April 21, 2010; NPR | National Public Radio’s assessment on what’s happened since Congress passed the Edward M. Kennedy Serve America Act one year ago finds mixed results. On the positive side, the bill has created significantly more volunteer opportunities and tripled the size of the AmeriCorps national service program. At the same time, “the money has just started to trickle out,” and “only one program”—Summer of Service—has been created, according to Pam Fessler of NPR.
The report also indicates an uptick in the number of Americorps applications—something that Patrick Corvington, the director of the Corporation for National and Community Service attributes to a new attitude about service. Others, however, are more cautious, pointing to the economy as a possible contributor to the increase in interest in the program.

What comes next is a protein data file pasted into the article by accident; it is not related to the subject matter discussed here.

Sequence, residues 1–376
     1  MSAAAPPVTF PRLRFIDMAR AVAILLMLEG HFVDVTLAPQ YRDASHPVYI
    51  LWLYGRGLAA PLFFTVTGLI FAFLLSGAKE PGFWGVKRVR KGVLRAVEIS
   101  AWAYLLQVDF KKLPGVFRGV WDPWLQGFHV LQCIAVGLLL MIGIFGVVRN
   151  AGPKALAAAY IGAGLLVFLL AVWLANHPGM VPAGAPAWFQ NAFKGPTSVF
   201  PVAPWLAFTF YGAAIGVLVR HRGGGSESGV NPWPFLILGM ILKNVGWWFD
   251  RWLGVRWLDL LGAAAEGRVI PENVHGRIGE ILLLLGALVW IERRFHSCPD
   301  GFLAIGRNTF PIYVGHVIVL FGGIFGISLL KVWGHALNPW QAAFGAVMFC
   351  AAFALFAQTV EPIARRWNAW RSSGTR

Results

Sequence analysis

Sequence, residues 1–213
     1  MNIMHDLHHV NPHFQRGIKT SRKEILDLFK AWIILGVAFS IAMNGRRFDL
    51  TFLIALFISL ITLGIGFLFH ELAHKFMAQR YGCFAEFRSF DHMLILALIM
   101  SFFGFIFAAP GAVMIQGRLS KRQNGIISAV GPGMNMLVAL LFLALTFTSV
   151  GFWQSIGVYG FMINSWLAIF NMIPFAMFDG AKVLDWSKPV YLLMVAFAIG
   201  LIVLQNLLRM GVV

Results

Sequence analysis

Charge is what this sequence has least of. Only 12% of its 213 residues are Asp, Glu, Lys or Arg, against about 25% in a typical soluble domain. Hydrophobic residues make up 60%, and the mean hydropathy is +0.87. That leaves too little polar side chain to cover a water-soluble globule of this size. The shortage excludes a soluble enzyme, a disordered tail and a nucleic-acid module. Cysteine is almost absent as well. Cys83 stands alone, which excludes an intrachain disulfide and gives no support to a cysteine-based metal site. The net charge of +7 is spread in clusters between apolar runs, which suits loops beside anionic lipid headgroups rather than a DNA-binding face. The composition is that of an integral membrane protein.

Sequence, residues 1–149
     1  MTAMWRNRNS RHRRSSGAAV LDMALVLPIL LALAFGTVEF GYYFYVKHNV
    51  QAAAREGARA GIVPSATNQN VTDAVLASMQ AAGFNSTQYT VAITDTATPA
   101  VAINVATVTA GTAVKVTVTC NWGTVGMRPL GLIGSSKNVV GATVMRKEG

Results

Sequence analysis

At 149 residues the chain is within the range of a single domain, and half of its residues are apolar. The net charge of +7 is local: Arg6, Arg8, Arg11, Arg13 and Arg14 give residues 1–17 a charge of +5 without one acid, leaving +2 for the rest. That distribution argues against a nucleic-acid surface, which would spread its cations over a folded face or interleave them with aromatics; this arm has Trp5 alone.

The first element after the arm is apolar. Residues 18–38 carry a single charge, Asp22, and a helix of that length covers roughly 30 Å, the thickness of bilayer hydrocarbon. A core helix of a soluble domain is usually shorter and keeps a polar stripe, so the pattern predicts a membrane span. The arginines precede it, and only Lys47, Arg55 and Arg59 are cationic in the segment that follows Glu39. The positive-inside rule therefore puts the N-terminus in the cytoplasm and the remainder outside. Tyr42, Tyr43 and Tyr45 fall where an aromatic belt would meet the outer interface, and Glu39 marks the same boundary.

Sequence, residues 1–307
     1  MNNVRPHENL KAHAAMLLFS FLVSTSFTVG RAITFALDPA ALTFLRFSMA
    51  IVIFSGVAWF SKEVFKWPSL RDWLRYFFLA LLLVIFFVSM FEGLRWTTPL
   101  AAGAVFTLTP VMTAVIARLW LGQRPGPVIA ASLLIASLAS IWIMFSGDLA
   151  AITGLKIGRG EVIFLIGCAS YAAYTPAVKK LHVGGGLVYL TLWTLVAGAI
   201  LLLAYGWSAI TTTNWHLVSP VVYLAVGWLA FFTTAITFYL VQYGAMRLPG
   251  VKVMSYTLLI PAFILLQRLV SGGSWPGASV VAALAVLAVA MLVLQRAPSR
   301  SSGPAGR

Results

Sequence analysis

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The report cites Howard Husock, director of the Social Entrepreneurship Initiative at the Manhattan Institute, as intrigued by the Social Innovation Fund’s potential to identify creative nonprofits as models but nervous that they’ll become “the new normal for hidebound bureaucratized federal programs . . . and that these bright young stars are themselves going to get captured and become bureaucratized.” He says he also worries about the impact on the nonprofit world of the government deciding who gets all of these new AmeriCorps volunteers.—Cynthia Gibson